PORTLAND, Ore. -- Honda's Acura Division has mostly been a North American entity during its 28 years of existence, but Honda plans to take its upscale brand onto the global stage.
Honda has announced plans to introduce Acura in Russia and the Ukraine in 2014 and move into Brazil and the Middle East in 2015. There is now a fledgling Acura sales operation in China that Honda aims to expand.
Still, the ambitions for Acura are more modest than Nissan's global aspirations for Infiniti. Nissan Motor CEO Carlos Ghosn expects Infiniti sales to grow from 170,000 to 500,000 by 2017.
In 2012, Honda sold about 176,000 Acura vehicles globally, with the United States accounting for 156,216 and Canada 17,154. The remaining few were sold in China and Mexico.
"Little by little, we have taken a bigger global footprint," Jeff Conrad, Acura's U.S. general manager, said at the introduction of the MDX cross-over here. "Our plans are not grandiose in scale, but they are rolling out."
Conrad declined to give a global volume estimate, but Honda Motor executives have said they want Acura's U.S. volumes to climb to 200,000 sales in the near term.
In markets such as Russia and China, larger vehicles such as the MDX, TL and RLX are expected to perform well. The MDX has been a gray-market favorite in Russia for several years.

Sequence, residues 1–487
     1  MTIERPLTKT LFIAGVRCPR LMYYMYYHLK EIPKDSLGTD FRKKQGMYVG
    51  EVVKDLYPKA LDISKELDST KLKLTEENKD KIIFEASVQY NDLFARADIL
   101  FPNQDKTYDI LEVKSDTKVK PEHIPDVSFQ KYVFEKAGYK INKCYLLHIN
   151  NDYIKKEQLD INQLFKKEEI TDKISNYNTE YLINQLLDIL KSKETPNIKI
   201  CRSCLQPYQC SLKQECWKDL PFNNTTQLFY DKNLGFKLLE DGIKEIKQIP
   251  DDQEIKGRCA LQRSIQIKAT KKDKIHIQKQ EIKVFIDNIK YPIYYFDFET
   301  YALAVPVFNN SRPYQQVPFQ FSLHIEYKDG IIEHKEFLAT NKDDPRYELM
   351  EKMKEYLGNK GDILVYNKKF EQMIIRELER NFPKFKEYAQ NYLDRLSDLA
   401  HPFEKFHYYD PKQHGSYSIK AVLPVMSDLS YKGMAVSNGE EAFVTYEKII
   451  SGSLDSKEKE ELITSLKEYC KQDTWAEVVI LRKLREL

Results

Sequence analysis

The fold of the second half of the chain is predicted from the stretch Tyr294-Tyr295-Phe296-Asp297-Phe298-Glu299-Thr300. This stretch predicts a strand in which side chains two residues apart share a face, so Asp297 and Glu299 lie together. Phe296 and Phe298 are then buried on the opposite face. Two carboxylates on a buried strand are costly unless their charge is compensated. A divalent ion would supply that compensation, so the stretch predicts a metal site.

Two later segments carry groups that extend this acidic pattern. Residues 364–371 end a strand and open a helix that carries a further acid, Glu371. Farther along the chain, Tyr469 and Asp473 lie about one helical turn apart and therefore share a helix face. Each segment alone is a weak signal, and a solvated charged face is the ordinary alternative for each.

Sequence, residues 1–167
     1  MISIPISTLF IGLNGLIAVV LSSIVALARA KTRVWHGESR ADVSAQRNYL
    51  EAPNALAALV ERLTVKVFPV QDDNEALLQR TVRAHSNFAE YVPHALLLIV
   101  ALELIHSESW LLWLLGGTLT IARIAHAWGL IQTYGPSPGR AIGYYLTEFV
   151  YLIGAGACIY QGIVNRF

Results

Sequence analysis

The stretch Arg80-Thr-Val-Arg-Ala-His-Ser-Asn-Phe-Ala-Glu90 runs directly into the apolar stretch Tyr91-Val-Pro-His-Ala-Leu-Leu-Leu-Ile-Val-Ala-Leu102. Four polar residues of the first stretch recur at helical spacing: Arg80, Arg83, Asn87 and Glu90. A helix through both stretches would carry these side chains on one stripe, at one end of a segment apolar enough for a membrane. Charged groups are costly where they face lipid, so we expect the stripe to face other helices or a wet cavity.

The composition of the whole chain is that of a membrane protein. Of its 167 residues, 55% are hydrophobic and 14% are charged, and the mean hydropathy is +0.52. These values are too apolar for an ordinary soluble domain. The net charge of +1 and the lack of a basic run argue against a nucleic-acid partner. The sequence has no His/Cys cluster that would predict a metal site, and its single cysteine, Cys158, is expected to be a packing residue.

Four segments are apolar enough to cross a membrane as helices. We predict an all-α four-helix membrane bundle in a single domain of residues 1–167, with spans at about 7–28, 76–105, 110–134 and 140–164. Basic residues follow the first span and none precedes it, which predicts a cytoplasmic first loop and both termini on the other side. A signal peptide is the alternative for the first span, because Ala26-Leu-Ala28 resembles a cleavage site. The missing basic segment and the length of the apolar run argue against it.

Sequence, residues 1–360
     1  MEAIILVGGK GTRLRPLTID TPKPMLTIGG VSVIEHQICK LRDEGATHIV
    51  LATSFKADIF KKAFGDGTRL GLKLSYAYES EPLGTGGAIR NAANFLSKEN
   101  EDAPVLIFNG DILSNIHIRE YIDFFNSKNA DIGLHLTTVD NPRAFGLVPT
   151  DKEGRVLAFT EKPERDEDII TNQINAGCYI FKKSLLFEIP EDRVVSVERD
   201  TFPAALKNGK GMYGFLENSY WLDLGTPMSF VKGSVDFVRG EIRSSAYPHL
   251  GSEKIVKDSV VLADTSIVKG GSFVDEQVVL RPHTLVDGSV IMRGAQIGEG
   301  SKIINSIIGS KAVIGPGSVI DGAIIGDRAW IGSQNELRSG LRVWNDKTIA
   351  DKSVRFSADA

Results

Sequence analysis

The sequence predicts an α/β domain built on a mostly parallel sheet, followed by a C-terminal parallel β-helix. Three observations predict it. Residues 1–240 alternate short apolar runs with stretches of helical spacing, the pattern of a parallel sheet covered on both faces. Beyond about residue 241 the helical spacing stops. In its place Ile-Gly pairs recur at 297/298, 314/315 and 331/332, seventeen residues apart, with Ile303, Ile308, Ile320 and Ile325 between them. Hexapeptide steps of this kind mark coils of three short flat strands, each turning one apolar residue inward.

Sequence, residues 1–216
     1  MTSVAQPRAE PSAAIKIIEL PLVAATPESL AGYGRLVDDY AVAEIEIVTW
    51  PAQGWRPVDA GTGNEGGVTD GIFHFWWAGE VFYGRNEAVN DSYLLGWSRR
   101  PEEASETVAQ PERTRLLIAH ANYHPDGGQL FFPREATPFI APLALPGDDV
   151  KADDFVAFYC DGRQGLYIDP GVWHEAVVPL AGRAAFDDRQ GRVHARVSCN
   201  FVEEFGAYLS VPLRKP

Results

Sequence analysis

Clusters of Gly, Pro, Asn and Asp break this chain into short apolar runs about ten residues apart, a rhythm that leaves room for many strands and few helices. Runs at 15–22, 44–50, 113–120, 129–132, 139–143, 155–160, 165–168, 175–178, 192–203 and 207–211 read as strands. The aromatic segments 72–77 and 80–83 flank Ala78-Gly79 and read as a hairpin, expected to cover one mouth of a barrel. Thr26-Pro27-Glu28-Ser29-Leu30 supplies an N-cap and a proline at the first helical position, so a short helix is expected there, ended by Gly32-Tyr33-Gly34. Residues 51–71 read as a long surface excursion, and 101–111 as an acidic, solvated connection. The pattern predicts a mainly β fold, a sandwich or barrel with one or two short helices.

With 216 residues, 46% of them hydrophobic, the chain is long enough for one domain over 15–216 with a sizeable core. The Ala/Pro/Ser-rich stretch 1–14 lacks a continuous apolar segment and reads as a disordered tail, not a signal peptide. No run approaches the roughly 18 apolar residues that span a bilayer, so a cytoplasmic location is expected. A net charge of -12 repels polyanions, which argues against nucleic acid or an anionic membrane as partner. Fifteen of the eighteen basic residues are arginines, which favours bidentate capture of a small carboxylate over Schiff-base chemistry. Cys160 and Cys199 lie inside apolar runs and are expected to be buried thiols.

One thing to be decided is how Acura products will be badged in markets where the brand is not present -- notably in the case of the NSX, which arrives in late 2014. The first-generation NSX was badged a Honda outside of the United States.
"That the NSX is being developed and built in America as an Acura product is a statement of how significant Acura is for American Honda and for Honda overall," said Honda spokesman Sage Marie. "Global distribution of the NSX will happen from here."
For now, Acura does not plan to expand into Western Europe, mostly because of Europe's continuing economic doldrums, Conrad said.
Moving Acura into Eastern Europe, South America and the Middle East may be the best next step, said TrueCar analyst Jesse Toprak. The newly wealthy in those emerging countries may aspire to newer luxury brands. "New unknown brands can become a status symbol in those markets," he said. "No one has an Acura in Istanbul."